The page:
Wednesday, January 25, 2012

Jean-Luc Godard's FILM SOCIALISME (a.k.a. Not a Movie for the Tea Party... or anyone really?)

Ah, Jean-Luc Godard, a man so high-minded and - I'll just go for it - pretentious that he makes Terence Malick look like Steven Spielberg (which I'm sure would piss off everyone included in that sentence).  And he was a hip cat at one point... maybe still pretentious even then, but hey, he had cool French people smoking French cigarettes and walking around Paris or driving around the countryside looking hip and dancing around and doing odd crimes or walking around burning cars... ah, the 1960's.  But that's eons ago.  The Godard of today, or of the past thirty years give or take (probably since First Name: Carmen) is all about examining, like some obtuse archeologist, what "Society" is MAN, or "Humanities" or "Anything and Everything."  And with this he uses no longer a traditional storytelling approach.  That would be too 'easy'.

And hey, I'm all for an experimental filmmaker who might make an audience wake up and take notice at something different in the cinema.  Trouble with late-period post-motorcycle accident (1972) Godard is that he is an experimental filmmaker who will repeat the same shit over and over again in his psuedo-intellectual-poetic style (lots and lots of title cards, characters saying things that intentionally don't make sense in any kind of larger narrative) and to do with empire, history, and oh yeah, the JEWS.  I shouldn't harp on it too much, but to get it out of the way - I have the sinking suspicion (not helped by various comments in his late-period work) that he doesn't think much of them, or worse thinks they're "bad" in some way.

The worst of it, just as an aside, is that he'll make mention of them like in Film Socialisme when referring to the start of Hollywood.  That the Golden Age was started by Jews, and then he runs off a list of names of the first studio heads and moguls.... and?  What the FUCK is the point with that?  Nothing, I guess, except to point out that the ones who started Hollywood - and to some obscure comparison to a 'Black Box' or something - were Jews.  At least have some kind of point with that kind of shit that you're pouring out.  I could say that this is just because two characters are talking about this and that it's not *really* Godard, but of course it is.  His characters are mouth-pieces for himself, for the most part, as he feeds them lines on the spot or in a recording studio.

But where was I?  Yes, this film.  So there is actually some sense this time around in Godard's visual-aural essay style, inasmuch as locale is concerned: the first half of the film takes place on a cruise ship with an assortment of denizens (one of them Patti Smith? guess she was just there and he started filming her), and this first half is... I won't say totally 'coherent', but at least I knew where I was, the same assortment of characters kept popping up, and some of the conversations were interesting as far as what their little self-contained bits could be.  And something else to point out - no one can shoot water/waves like Godard; this is something I've noticed even in his most goddamned work like Hail Mary or Nouvelle Vague - the guy knows how to shoot water, and it's just nice to look at some waves from time to time, as the director often shows here.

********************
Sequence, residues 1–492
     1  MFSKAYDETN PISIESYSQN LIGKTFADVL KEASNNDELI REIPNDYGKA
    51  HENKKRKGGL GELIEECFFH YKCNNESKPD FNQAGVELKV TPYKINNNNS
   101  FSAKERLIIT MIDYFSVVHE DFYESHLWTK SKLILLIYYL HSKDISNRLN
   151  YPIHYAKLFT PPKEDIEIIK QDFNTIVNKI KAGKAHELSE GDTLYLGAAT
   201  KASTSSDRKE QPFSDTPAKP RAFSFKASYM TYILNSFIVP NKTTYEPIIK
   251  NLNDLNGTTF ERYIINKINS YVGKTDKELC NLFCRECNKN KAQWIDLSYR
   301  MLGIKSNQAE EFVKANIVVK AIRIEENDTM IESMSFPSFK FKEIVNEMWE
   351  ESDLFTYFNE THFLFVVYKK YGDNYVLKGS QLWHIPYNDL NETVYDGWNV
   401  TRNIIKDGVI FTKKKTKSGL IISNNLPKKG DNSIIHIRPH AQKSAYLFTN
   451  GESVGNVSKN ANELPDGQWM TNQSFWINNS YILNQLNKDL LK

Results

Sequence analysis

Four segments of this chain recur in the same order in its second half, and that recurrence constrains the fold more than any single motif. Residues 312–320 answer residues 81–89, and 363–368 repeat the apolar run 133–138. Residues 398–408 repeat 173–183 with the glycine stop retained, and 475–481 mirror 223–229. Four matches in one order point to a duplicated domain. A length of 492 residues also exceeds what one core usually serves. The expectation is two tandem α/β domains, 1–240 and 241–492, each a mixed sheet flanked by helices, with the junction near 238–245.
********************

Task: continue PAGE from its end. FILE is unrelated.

The downside to these cruise scenes is that Godard mixes up some gorgeously shot scenes of the cruise ship and some of the fine young/old folks on there with what I'd call "shitteo" digital video.  For some reason he chose to shoot with two cameras, one very high quality (not a Red but pretty darn close to what I could tell, maybe an HMC but whatever), and the other was just some bargain basement 100 dollar piece of crap.  The only time it becomes captivating is when he's shooting people on the dance floor doing clubbing, where the music and digital information overwhelms the camera (this inter-cut with shots of like the moon or sun out on the landscape).  But when it's just random people inside the ship, it's a competently done but unimpressive home-movie of a cruise ship.  Perhaps this might be enough just to break-up the monotony of Godard's semantic-poetry bits, that there's actually just pointing a camera and getting documentary truth.  But I dunno...

The second half of the film then takes place on dry land, in Odessa or Barcelona or Egypt or Whofuckistan, and then it's time to focus on a more solid set of people - a black camera-woman, a kid and his mom, a couple other women, and older man and his daughter.  There are hints, maybe just suggestions, that there are stories here, or some human interest, and I actually did find some interest in just the little minutae of what Godard had some of these characters do.  At one point the little kid embraces his mother in the kitchen, for no real big reason except to do it.  And then the same kid is watching a woman do a drawing and comments that it looks like a Renoir, and then the camera angle changes and all the color turns Mega-Vibrant-Vision, which is an illuminating touch to do.